Google provides a useful tool to help you improve the performance on your website. The tool is called Google Page Speed Insights and its primary used to measure the speed of a website, yet if you delve a little deeper, you'll find it can help in many more ways and ultimately increase your website's ranking in the search engine results.
It's Google's way of sizing up your website for user-experience - you know, things like how quickly it loads, how accessible it is to people with disabilities and how well it has been optimised for... Google. Here's how you can use it to analyse and hopefully improve your site.
The main indicator of performance
The higher the overall score for 'Performance' the better, however, ideally you'd want all of these in the green.
The detailed Core Web Vitals assessment
When you run an assessment of your site using the PageSpeed Insights too and scroll down, you'll get to the metrics which form the nitty gritty of the assessment.
First Contentful Paint
When the browser first renders part of the website, signalling to the user that the page is actually loading. So if visit a website and see absolutely nothing loading and can't tell if it's going to load, it likely has a very low FCP score. If you visit a website and the page loads straight away or at least you have an idea that it's loading already, the score would be much higher.
Time to Interact
This is a measurement of when the web page becomes interactive because the last long task whilst the page was loading has been completed. So essentially, as a user you can start doing stuff on the page because the last of the laborious loading tasks is over with and the page is almost fully functioning.
This is Googles way of working out how well the site follows page speed principles including optimising images, minimising HTTP requests, leveraging browser caching and minisming CSS and JS. Basically, if you've taken steps to optimise your website for speed, Google will pick up on this and give you a score to show how well you've done with this so far.
Total Blocking Time
In short, this measures the total amount of time your website blocked the user from interacting with the page because for example it was loading something.
Largest Contentful Paint
The LCP measures the loading speed as perceived by the user. This is the point in time when the page's main content has Lilly loaded, so the page looks like it has loaded to the user, even if there are some last bits still loading in the background.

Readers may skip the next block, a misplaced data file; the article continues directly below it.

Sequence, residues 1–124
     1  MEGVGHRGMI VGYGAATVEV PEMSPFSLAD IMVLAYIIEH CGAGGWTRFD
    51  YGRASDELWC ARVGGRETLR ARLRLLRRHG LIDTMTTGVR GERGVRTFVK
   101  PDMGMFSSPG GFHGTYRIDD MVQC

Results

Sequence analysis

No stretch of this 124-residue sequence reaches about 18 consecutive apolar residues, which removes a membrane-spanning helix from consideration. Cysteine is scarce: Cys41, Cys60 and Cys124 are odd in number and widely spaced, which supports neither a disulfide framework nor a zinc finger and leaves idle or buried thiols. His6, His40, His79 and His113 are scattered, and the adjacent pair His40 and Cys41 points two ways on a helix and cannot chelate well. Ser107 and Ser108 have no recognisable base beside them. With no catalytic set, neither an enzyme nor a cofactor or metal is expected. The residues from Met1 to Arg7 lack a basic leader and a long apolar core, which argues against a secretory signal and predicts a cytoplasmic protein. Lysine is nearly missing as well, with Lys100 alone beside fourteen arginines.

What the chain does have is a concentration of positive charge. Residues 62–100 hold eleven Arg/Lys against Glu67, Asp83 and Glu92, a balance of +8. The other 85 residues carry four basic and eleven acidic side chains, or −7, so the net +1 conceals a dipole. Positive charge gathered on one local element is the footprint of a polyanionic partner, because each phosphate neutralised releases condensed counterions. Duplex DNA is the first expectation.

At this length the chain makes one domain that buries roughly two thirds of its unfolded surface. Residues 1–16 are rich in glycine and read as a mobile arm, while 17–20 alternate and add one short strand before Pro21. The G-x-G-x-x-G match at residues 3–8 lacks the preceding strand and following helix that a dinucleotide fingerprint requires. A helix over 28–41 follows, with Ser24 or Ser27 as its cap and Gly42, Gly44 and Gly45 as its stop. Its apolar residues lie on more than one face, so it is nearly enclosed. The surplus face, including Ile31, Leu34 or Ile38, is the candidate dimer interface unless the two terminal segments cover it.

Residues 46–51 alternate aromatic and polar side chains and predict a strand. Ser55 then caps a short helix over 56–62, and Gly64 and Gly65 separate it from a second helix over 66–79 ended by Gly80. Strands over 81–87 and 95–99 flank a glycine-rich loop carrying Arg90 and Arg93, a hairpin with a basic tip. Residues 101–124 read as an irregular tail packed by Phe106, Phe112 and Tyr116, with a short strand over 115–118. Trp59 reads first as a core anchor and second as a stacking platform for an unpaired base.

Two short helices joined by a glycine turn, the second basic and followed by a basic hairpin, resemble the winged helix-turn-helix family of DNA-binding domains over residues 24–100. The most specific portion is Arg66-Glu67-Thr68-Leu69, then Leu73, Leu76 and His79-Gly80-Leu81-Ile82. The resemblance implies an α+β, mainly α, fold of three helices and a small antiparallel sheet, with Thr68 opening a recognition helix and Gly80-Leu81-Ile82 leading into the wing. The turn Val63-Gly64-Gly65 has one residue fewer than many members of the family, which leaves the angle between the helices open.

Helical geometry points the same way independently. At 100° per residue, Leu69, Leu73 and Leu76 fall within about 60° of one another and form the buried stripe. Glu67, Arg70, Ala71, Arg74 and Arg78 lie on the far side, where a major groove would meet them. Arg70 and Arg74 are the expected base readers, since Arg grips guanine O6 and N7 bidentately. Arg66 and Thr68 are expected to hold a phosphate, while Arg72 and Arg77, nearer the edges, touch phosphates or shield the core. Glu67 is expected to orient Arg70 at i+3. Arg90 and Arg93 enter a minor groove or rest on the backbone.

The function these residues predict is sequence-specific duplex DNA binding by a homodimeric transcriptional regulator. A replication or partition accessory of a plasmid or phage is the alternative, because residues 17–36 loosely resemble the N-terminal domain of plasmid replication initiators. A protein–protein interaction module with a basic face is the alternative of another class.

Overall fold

Cumulative Layout Shift
This last metric CLS measures how visually stable the page is as it loads. It actually quantifies how often the page moved unexpectedly for the user, known as a layout shift, without them taking an action or doing something to expect that shift. An example of this might be an ad which flashes up unexpectedly.
I'm not going to pretend that I can guide you with a short article on how to improve the above metrics on your site yourself, as they're often very technical and need a professional eye to improve them. However, if you've backed your website up and are willing to try and cover off some of the basics yourself, I'd recommend doing the following:
- Optimise your images so they fit the space they are filling. If an image is too big and has to be downsized to fit the space, you're wasting valuable website energy and increasing loading time required. So optimise images down in size and reduce the file size to no more than 500kb per image.
- Set up caching so your site serves up a cached version of itself faster than it could normally load the site from scratch.
- Minify the CSS and JS so that the site is able to work through the files and render the pages faster.
- Get better web hosting so there's more juice to load your website faster.
On the same page as the above metrics in Google PageSpeed Insights you can also find Poppotunises and Diagnostics. These will give you some more specific pointers for what is hindering your site's performance.
If you expand any of these pointers there will be even more information. For example:
I hope the above information helps you to optimise your WordPress website, or at least gives you more of an idea of the factors which go into ranking how well your website performs. Often when you think about website performance the main thing that springs to mind is just how quickly the pages load, however, at least now you know there are other key things to work on and in return for your hard work in optimising your site, your users as well as Google ranking will benefit.
If you would like me to help with improving your WordPress website performance using Google's PageInsights as a measurement tool and see how effective your site is at pleasing the Google gods, and ultimately your users, get in touch.
What’s a Rich Text element?
The rich text element allows you to create and format headings, paragraphs, blockquotes, images, and video all in one place instead of having to add and format them individually. Just double-click and easily create content.
Static and dynamic content editing
A rich text element can be used with static or dynamic content. For static content, just drop it into any page and begin editing. For dynamic content, add a rich text field to any collection and then connect a rich text element to that field in the settings panel. Voila!
How to customize formatting for each rich text
Headings, paragraphs, blockquotes, figures, images, and figure captions can all be styled after a class is added to the rich text element using the "When inside of" nested selector system.